November 6, 2012

Looking at publishing through the eyes of the law


Many issues were raised by the recent In Re Book conference, dealing with the law and books.

Mike Shatzkin of The Idea Logical Company also attended and raised some complicated questions about how the law interacts with publishing.

Shatzkin was particularly left with the impression that the lawyers on the panels misunderstood the nature of publishing, particularly in relation to the DOJ lawsuit.

He said,

1. They dismissed the idea that any “predatory pricing”, i.e. sales of books below cost, ever took place …

2. They seemed to think that the concern on the part of those opposing the DoJ was that Amazon would only lower prices to gain market share and would then exercise predatory behavior by raising prices to a captured market. That, actually is not the concern. Or at least it isn’t mine.”

These particular points are part of a wider concern, — which Shatkin, and others in the industry share — that lawyers and their interpretation of the law is unsympathetic and at worst, ignorant of how publishing actually works.

This fear arises because, naturally, publishing sees itself as a unique industry, and one under threat from a changing market and the DOJ suit. Shatkin’s fears are exemplified by lines such as law professor Chris Sagers‘ of Cleveland State University, quoted by Jeff John Roberts on PaidContent as saying, “there’s never been a defendant sued for antitrust who didn’t think their market was special.”

Even if anti-trust lawyers do not in fact understand the industry, the fruits of publishing — the books — and to some extent how they are made, are unique in the eyes of the law. Copyright law is the gift that keeps on giving, encoding special rights and privileges, in order to procure financial recognition for the cultural importance of creativity.

This is not to say the law operates in a vacuum. The DOJ especially, is a political body, and that may impact on their actions. But the DOJ suit aside, it is not the role of the law to accord further privileges where none exist. And if you want more rights, you have to fight for them. If publishers want more, they’ll have to prove that, in the words of Roberts, publishing is a big enough “cultural externality” to warrant further protection via government regulation.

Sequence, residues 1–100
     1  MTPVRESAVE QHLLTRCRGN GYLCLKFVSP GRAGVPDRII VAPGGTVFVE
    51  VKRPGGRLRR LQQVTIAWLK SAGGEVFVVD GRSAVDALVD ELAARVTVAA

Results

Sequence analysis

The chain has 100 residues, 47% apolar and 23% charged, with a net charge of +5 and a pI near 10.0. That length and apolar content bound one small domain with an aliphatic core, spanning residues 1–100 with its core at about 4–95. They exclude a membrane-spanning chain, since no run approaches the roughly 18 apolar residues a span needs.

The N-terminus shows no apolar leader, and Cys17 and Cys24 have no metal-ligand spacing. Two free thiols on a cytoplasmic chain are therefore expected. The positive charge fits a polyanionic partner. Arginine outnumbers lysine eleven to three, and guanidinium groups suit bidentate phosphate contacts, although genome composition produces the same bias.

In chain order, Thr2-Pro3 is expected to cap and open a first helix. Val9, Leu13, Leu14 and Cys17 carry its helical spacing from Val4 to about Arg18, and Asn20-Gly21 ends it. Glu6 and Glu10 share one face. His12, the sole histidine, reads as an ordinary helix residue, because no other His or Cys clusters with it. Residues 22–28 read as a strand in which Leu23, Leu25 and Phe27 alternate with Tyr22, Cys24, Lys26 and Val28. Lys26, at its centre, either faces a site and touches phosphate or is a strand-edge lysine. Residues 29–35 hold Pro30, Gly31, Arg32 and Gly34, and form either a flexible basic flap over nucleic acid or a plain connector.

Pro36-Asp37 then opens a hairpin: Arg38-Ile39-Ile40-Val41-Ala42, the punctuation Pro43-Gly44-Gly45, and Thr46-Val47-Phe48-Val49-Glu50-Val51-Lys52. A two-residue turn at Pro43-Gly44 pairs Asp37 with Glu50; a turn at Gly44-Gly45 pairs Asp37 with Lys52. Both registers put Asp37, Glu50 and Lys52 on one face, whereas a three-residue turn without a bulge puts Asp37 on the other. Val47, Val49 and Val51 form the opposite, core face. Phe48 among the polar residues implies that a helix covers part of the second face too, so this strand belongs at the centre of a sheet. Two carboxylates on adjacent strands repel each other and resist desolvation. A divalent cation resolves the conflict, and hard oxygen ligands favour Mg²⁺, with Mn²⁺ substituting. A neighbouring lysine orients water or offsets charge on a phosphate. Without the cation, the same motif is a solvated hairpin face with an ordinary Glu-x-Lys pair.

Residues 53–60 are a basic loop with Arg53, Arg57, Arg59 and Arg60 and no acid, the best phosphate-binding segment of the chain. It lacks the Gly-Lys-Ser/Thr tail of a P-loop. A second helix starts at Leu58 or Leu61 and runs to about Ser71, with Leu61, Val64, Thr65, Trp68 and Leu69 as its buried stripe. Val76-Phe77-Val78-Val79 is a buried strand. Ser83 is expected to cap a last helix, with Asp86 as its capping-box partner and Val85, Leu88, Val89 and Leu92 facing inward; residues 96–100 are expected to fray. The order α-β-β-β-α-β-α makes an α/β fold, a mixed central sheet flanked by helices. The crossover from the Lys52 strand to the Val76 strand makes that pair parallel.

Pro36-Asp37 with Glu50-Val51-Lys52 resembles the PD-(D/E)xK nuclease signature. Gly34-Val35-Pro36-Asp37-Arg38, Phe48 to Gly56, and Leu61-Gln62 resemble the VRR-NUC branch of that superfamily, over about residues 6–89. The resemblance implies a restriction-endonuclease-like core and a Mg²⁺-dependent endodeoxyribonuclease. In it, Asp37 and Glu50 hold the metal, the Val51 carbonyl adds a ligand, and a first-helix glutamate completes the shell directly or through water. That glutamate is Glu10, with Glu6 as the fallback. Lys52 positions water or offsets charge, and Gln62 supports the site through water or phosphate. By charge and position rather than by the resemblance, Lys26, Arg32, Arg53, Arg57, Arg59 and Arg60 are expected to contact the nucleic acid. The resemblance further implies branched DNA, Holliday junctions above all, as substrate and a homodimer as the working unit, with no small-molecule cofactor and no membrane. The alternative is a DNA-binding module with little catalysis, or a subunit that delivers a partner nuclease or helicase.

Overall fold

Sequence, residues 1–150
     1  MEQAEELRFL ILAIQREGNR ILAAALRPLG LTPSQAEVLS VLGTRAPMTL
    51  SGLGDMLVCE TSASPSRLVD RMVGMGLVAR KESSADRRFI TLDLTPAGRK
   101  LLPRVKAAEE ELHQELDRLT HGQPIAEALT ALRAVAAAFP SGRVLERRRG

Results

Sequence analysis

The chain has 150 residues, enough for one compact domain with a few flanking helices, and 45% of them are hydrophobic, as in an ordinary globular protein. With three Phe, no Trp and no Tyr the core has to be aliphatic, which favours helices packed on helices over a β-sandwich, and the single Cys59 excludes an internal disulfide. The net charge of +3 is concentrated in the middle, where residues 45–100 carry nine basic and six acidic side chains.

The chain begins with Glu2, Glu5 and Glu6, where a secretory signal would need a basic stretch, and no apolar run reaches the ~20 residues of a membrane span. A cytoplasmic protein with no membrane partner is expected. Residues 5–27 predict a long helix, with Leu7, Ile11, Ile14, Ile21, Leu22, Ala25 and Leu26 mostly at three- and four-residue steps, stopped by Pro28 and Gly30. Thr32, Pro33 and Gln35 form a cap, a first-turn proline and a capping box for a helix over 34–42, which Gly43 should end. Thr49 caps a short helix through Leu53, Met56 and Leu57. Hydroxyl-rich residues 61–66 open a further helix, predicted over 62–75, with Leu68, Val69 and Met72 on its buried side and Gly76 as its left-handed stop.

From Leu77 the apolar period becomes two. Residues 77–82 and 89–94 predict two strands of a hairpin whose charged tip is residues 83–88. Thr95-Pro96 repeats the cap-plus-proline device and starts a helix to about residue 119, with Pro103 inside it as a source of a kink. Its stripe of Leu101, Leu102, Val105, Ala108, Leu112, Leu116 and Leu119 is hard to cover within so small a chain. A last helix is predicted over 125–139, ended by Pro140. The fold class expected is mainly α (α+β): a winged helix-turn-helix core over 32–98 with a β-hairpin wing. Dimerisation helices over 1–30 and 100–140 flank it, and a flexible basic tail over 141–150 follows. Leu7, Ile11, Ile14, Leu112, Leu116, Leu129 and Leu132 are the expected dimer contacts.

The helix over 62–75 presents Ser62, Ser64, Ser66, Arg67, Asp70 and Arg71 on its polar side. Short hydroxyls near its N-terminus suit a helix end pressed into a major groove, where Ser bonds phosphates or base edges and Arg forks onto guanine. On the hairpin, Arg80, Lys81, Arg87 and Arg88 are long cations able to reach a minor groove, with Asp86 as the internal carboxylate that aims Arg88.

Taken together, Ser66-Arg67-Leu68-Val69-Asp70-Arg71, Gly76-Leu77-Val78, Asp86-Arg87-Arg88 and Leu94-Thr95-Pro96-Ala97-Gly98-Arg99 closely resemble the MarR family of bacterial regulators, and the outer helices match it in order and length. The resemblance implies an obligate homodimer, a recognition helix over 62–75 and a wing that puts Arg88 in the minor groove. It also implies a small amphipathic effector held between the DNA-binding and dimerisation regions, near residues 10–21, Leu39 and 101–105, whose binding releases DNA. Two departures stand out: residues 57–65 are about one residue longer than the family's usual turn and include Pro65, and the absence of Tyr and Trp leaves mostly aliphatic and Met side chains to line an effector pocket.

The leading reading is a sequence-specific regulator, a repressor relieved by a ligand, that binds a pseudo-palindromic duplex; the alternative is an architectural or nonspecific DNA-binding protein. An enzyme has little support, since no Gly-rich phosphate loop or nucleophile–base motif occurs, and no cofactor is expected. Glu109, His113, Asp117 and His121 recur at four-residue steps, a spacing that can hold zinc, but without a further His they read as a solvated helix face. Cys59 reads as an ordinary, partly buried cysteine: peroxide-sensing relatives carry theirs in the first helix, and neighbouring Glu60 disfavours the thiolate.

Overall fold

The law that the industry should be concerned about is not only anti-trust law, but also more urgently, copyright, which has already been stretched in an attempt to protect content in a digital framework. The catch-up the law has tried to play has led to misguided solutions such as DRM, codified in the Digital Millennium Copyright Act (DMCA). The DMCA was created in the United States specifically as a response to the fears of copyright owners about the internet.

In my opinion, this type of stretch will not benefit publishers. To paraphrase Marshall McLuhan, official print media’s legal culture strives to make the new languages and the new technologies do the work of the old to the detriment of the reader. Publishers should recognize that there is a cycle of mediation and re-mediation implicit in the culture of reading, and advocate for a legal change that takes this into account.

Publishing’s current problems with the law, in particular copyright, arise not because lawyers willfully misunderstand the facts of publishing, but rather because the letter of the law itself is woefully unsuited for our current state of affairs. It is not sufficiently adaptive.

The misguided DMCA came about because of lobbying from the music and film industries. But the industry of the written word has been around much longer and arguably has a richer position in our culture.

Publishers should become advocates for copyright reform, and not simply adapt to what the RIAA manages to pass.  Not to protect old business models, but with one eye on publishing’s importance to the public culture, and the other on a more flexible, rapidly approaching, future. (Hopefully one where we all still get paid.)



Ariel Bogle is a former publicist at Melville House.